Thursday, June 20, 2013 | 9 a.m.
- Spread: San Antonio +6 @ Miami
- Moneyline: San Antonio +250 @ Miami -300
- Total: o/u 189.5
- Talking Points' pick: Heat -6
- Numbers from LVH Superbook
Game 7 Player Over/Unders
- LeBron James points: 29.5
- Tim Duncan points + rebounds 29.5
- Tony Parker points + assists 28
- Chris Bosh points + rebounds 22
- Kawhi Leonard points + rebounds 21.5
- Dwyane Wade points 18
- Manu Ginobili points 12.5
- Numbers from LVH Superbook
The dramatic finish in Game 6 of the NBA Finals caused at least three different groups of people spread throughout the country in separate time zones to look foolish.
There were, of course, the much-ridiculed Miami fans who fled the American Airlines Arena exits early before their Heat sparked to win 103-100 in overtime. San Antonio supporters who flooded the Riverwalk anticipating a celebration before their Spurs dulled took their barbs, too.
They both had cousins of commiseration in Las Vegas. With the Spurs up 94-89 with 28 seconds left, more than a few gamblers are surely guilty of lurking around the payout line in sports books with perceived winning wagers.
San Antonio was a popular play on they moneyline at plus-290 (risking $1 to win $2.90) to beat Miami Tuesday. Those who liked the Spurs when the Finals matchup was set even bet on the upset to happen in six games with relative heaviness. The odds on the proposition wager went from 7-to-1 to 5-to-1 before the start of the series at the LVH Superbook.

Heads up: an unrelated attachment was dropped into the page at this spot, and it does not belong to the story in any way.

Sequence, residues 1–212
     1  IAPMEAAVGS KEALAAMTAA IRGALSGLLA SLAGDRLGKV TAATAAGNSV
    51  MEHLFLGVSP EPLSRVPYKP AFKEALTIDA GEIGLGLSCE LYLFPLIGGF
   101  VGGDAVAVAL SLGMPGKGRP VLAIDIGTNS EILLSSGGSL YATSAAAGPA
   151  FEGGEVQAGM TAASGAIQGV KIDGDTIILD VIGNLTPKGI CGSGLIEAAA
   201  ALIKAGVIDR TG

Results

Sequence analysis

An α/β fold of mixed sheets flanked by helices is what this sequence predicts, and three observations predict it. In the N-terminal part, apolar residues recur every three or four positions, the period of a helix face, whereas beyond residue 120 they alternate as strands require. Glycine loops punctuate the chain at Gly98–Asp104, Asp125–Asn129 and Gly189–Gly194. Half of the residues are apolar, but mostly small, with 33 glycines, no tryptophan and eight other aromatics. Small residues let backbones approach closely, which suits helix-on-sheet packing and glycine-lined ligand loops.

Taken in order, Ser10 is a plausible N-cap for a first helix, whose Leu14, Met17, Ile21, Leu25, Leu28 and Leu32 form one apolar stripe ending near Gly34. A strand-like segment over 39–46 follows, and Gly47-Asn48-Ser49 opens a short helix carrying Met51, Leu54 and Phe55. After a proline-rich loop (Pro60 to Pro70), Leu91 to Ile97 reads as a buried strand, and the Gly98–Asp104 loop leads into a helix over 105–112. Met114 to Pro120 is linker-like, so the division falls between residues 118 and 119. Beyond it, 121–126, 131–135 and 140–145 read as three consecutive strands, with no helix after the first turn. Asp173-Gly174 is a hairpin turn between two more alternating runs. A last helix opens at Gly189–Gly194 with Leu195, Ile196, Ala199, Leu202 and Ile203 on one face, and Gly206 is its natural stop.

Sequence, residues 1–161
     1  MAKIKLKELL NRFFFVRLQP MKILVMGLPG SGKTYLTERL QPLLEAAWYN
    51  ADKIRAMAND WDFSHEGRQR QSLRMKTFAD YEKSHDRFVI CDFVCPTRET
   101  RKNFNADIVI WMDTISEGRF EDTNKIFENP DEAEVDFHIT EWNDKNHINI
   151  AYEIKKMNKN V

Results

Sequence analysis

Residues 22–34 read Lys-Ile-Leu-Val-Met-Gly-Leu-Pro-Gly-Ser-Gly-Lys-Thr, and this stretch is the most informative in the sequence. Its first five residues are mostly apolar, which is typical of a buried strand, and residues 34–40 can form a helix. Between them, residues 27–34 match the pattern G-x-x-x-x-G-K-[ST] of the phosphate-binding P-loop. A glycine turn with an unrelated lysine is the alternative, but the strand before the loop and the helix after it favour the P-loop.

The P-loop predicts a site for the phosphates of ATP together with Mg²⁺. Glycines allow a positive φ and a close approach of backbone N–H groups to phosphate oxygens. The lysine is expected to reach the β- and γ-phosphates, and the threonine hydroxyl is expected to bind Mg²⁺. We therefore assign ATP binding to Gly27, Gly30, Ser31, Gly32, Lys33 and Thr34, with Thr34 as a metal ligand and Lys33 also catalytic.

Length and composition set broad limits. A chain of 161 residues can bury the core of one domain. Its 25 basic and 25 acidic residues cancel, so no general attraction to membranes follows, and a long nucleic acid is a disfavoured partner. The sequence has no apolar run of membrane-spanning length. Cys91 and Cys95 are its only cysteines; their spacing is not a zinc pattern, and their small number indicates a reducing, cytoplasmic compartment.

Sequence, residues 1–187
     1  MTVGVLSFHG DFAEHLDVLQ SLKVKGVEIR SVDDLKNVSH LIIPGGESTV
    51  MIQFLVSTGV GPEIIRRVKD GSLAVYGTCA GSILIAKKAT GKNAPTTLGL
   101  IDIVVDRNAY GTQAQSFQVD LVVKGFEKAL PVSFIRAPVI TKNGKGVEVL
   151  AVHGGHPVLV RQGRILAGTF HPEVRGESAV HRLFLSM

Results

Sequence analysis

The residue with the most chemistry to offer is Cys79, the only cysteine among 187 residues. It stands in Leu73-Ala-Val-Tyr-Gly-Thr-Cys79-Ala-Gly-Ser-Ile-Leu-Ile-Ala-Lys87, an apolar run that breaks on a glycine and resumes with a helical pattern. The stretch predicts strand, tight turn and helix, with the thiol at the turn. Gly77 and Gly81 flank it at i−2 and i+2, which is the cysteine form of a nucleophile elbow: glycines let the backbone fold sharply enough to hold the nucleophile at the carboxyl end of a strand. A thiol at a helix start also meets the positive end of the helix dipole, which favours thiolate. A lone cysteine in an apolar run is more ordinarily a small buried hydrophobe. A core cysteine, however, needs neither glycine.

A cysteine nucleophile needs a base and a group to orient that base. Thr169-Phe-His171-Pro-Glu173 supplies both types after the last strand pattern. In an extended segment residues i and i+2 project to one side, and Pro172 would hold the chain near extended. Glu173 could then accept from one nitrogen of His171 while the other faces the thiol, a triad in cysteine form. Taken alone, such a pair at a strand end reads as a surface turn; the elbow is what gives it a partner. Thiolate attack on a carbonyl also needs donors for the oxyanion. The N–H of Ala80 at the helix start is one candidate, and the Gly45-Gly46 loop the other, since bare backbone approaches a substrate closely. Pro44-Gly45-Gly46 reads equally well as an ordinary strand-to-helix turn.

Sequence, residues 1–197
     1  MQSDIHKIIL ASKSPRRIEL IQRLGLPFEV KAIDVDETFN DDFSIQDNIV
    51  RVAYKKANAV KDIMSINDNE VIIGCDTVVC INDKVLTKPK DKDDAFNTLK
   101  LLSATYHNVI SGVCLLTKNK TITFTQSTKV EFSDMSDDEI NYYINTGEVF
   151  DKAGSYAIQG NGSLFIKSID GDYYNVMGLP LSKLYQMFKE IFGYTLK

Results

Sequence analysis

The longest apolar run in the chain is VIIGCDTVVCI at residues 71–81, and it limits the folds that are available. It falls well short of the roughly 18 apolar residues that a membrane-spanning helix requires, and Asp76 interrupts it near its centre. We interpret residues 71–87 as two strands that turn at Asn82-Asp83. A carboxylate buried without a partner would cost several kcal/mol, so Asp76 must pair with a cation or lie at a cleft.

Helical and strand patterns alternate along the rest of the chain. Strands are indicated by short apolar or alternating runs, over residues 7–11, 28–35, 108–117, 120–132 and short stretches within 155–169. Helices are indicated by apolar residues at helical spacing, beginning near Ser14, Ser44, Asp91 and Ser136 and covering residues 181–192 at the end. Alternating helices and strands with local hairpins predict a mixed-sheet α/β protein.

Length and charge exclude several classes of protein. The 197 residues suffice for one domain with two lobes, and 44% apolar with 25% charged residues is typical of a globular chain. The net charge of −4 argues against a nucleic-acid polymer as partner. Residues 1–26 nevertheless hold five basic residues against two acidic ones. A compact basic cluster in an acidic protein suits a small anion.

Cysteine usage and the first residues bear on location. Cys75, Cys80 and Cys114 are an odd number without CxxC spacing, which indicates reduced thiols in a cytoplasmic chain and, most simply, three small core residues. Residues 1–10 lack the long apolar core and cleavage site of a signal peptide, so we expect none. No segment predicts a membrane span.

Now both tickets are as useful as a newspaper front page heralding the Spurs in six, and also in the same place — the trash. It’s hard to believe considering the equity holders of those bets possessed before three-pointers from LeBron James and Ray Allen in the final 20 seconds of regulation coincided with a missed free throw from Kawhi Leonard.
The Spurs were a minus-5,000 (risking $50 to win $1) favorite to earn their fifth championship in live betting, according to sports betting website wagerminds.com.
That equates to approximately a 98 percent chance, or nearly four times the probability oddsmakers give San Antonio of winning one final game.
The Spurs are plus-250 (risking $1 to win $2.50) with the Heat towering over at minus-300 on the moneyline going into Thursday’s Game 7.
Someone believes in San Antonio, though. The spread is now minus-6 in favor of Miami all around town after opening a half-point higher Tuesday night.
NBA Finals history obviously isn’t where they’re getting confidence. The last time an away team won a Game 7 was 35 years ago when Wes Unseld led the Washington Bullets to a 105-99 win over the Seattle Supersonics.
In the six instances since, the home team has prevailed including most recently in 2010 when the Los Angeles Lakers won their second straight title with an 83-79 victory over the Boston Celtics. The Celtics, however, managed to cover the 7-point line.
Tonight’s game will mark the most gambled on single basketball contest since that Game 7 three years ago. An all-or-nothing clash is exactly what sports book directors wanted.
That it could come in procession of an ideal scenario — the Heat winning, but not covering Tuesday and stirring up interest with an instant-classic Game 6 — is a bonus.
Perhaps this series was destined to play out until the end. The betting market may have seen it coming.
Sports books posted the Heat winning in seven games as the most likely outcome at 3-to-1 odds two weeks ago. The Spurs in seven were listed at 13-to-2.
Hold on to those tickets until the bitter end of Game 7. No matter how bleak it looks, the one-, or specifically two-percent shots could always come through.
The Game 6 fools don’t need any more company.